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Jester hats? Because they're crazy

So, yes, firstly: the French!—winning stuff by themselves—and us learning to love them, in their unwashed splendor, for it. (It is a fragrance not unlike a fine fromage.) But besides making this frog season—the good kind, not the plague—we have our World Cup to thank for repopularizing jester hats, not seen since courts had jesters, or else some time after World War II.

Jester hats, as we know from some history class, disappeared from everywhere but Renaissance Faires once royalty had access to Cartoon Network. Yay! But they were funny. And excising the last bit of mirth from the hat world—W.C. Fields notwithstanding—was such a good idea that today, no one wears hats except Shriners, sports fans (ball caps) and Patt Morrison. Good job eating your children, hat people. Mike Tyson smiles.

Hats and humor go together. You need a sense of humor when you wear a hat—your hat has one, which explains that line across your forehead. The jester hat was humor personified, as was its illegitimate progeny, the whoopee cap: that felt-crowned, spike-brimmed hat worn by towheaded scamps everywhere some time after Yalta and before Dennis the Menace (or so Robert Williams sayeth). And now, for a brief time, jester hats are back until someone wins the Cup and we forget that if organized sports are enough fun, almost anyone will watch.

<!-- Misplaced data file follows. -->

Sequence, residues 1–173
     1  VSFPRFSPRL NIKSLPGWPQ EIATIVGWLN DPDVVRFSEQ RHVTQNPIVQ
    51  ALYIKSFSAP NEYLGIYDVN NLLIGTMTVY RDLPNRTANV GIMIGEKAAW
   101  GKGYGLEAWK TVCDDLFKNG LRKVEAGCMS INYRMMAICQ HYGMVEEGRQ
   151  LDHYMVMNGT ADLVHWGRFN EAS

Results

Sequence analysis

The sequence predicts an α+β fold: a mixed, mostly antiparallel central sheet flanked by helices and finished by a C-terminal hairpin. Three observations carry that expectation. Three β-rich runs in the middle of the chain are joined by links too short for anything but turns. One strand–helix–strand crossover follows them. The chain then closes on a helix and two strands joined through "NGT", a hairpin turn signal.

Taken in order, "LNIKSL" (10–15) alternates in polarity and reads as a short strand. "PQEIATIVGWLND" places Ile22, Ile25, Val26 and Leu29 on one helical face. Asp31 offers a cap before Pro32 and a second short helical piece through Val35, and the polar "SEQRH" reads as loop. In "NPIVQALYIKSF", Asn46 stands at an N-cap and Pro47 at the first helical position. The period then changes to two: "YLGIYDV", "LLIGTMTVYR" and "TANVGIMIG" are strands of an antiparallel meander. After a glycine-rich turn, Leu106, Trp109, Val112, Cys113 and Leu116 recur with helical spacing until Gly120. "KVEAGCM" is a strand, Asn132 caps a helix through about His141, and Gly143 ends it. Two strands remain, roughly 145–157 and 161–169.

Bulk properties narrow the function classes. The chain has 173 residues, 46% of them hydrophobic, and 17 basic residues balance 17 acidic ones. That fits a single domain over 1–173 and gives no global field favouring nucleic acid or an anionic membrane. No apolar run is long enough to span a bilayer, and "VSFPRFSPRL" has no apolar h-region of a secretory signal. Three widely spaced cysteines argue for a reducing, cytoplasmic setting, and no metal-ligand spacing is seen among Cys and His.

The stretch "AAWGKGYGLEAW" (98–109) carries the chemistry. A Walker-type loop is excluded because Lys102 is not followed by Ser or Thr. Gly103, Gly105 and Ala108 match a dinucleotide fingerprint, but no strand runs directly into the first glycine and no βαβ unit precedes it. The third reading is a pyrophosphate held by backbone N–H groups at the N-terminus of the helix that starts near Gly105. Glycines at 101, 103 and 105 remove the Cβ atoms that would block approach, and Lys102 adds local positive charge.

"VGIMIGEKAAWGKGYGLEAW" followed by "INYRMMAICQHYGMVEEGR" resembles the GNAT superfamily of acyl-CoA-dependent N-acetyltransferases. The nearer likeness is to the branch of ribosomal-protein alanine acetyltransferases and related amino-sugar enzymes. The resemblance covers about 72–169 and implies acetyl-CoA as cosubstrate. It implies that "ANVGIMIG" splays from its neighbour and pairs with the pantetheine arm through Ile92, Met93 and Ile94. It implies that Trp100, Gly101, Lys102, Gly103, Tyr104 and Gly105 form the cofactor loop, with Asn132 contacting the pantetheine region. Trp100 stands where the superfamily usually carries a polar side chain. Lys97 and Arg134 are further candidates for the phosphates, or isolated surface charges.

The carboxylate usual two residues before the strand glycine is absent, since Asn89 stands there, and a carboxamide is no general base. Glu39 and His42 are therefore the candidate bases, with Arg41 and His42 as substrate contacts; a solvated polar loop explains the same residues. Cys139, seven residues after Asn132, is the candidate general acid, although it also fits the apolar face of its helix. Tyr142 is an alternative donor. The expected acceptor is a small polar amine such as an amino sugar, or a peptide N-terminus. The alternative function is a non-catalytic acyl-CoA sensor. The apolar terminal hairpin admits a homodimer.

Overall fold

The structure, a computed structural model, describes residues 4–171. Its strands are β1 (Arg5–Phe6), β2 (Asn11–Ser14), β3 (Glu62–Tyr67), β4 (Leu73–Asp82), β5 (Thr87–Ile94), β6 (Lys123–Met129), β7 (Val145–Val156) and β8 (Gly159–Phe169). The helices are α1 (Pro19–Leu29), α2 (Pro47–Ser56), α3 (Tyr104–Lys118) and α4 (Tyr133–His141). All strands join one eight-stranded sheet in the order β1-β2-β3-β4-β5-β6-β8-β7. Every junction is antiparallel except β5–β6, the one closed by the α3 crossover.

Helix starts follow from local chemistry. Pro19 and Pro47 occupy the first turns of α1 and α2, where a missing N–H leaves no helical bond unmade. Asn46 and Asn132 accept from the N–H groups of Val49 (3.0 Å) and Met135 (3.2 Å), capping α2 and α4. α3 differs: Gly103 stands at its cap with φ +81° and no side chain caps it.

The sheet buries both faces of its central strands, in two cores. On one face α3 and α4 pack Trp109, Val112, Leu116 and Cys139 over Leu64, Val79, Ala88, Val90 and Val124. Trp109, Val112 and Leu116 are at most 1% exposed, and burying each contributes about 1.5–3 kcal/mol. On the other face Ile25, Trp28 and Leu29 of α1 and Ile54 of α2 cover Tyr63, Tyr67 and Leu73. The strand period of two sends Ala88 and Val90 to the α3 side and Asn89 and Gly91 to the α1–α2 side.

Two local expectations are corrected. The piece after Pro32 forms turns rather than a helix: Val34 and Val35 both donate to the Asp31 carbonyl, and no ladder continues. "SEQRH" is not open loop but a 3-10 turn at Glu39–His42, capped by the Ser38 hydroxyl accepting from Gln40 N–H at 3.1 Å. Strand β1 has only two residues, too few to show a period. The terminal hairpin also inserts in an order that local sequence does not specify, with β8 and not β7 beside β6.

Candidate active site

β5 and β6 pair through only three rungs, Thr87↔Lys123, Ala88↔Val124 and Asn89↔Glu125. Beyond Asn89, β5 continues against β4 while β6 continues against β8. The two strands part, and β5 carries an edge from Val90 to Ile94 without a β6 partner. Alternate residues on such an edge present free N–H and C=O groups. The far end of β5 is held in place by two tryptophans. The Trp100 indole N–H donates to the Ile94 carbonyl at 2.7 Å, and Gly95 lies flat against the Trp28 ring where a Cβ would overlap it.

Which explains why we're seeing World Cup fans in jester hats. Because they're fun. Why do Argentine moms paint blue-and-white stripes on their babies' faces? So their team wins, and because it's fun—and it worked, for a while. Why do Argentineans wear blue-and-white knit jester hats? Fun. They're their version of Thundersticks, and with that winter, they need 'em. Why do French soccer fans paint their faces? Because they're crazy.

 
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